Over the course of nearly three decades, the Saturday sessions have provided an introduction to football for thousands of local children. Some are excited and raring to get stuck in, while others are nervous and need gentle encouragement as they take to the field for the first time. Some don’t own a pair of football boots, but the Academy does have a small selection, with parents often donating boots that no longer fit their children. 

There was a time when it wasn’t unusual for a hundred children to turn up on a Saturday. An abundance of other sports available – and of course video games – means the Academy doesn’t draw quite so many these days, but it still has about 50 regulars. 

Inevitably, some have gone on to become very good footballers. This includes Harry Lee, a defender signed by Brighton and Hove Albion, who has also represented England at U18 level. Others who have played at a high level include Will Collar (Stockport County) and James Tilley (Crawley Town), while others have played for Horsham FC.

Louise, who collects the £5 fee for the session and handles administrative duties, said: ‘It’s wonderful when young players go on to play at a high level, as that is what most of the boys dream about. But our aim is to encourage children to enjoy football and continue playing locally. We will often be in town and someone will say ‘hello’ and have a chat about football. With Ted, it was more a passion than a business, and we’ve maintained that ethos. As well as Saturday mornings, we organise courses during school holidays, with various games and end-of-week awards, and there’s always a pleasant family atmosphere.’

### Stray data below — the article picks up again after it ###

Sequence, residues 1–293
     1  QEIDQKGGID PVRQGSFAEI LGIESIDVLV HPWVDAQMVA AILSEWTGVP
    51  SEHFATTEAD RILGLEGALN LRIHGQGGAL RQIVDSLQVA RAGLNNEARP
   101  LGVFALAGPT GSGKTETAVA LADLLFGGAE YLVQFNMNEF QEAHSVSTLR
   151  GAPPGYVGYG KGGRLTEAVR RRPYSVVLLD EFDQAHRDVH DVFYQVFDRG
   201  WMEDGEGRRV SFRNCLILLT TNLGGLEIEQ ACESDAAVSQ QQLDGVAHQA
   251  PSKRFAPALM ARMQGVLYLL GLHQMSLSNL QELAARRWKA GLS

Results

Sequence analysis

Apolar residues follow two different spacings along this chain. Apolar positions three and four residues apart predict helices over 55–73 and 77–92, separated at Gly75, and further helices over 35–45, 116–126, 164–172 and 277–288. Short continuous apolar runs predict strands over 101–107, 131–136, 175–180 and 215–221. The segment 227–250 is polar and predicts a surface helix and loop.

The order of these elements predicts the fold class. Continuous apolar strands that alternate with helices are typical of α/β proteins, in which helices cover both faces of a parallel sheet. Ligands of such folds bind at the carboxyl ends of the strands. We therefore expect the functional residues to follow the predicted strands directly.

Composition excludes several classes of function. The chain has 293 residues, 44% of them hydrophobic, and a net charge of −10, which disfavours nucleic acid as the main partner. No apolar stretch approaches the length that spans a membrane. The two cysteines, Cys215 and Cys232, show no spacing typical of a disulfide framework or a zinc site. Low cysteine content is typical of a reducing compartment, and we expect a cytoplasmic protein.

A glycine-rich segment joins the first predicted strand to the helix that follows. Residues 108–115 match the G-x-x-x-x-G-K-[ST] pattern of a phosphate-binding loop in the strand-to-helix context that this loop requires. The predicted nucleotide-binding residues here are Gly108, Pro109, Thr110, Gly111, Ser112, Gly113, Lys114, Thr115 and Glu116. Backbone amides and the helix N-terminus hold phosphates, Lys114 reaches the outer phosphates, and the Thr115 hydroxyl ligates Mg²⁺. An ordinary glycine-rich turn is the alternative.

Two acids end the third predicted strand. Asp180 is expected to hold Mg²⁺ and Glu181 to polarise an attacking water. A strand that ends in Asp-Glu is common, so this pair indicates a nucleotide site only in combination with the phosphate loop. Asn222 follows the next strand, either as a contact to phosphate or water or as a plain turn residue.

Recent years have seen a rapid growth in the popularity of the women’s game, with clubs forming across the country. Thea Ryder is studying sports coaching at university and has played for local teams including Horsham Sparrows and Roffey. For the past two years, she has been volunteering at the Academy to improve her coaching skills and gain experience of working with young people. But there is one thing she would like to see, and that’s more girls! 

Thea said: ‘There has been progress, but football is still a male dominated sport and sadly we only see a handful of girls on a Saturday morning. In my opinion, more needs to be done to promote football at schools, to engage girls at a younger age. Currently, most of the focus is on hockey and netball, which are great sports too, but I think that for continued growth in the women’s game, we need to see more development at a grass roots level.’

Another of the Academy’s volunteer coaches, Doug Cave, says that the Saturday morning sessions are a good place for youngsters to learn, as there’s no pressure. He said: ‘Even at the age of eight or nine, some football clubs and some parents get carried away by the excitement, and there’s too much emphasis on winning. It is difficult for new players to go into that environment. We’ve been around long enough to know that the most important thing is to enjoy the game and our hope is that some of these kids will carry on playing youth football ranks.’ 

‘The exceptional ones may go on to play for Horsham FC, but those players might appear once every few years. However, I spent many years playing for local clubs like Slinfold and the game has provided me with great memories. It’s not all about reaching the top.’

Words: Ben Morris / Photos: Alan Wright

For more details, please call 07557 060654 or visit the North Sussex Soccer Academy Facebook page. @NSSAHorsham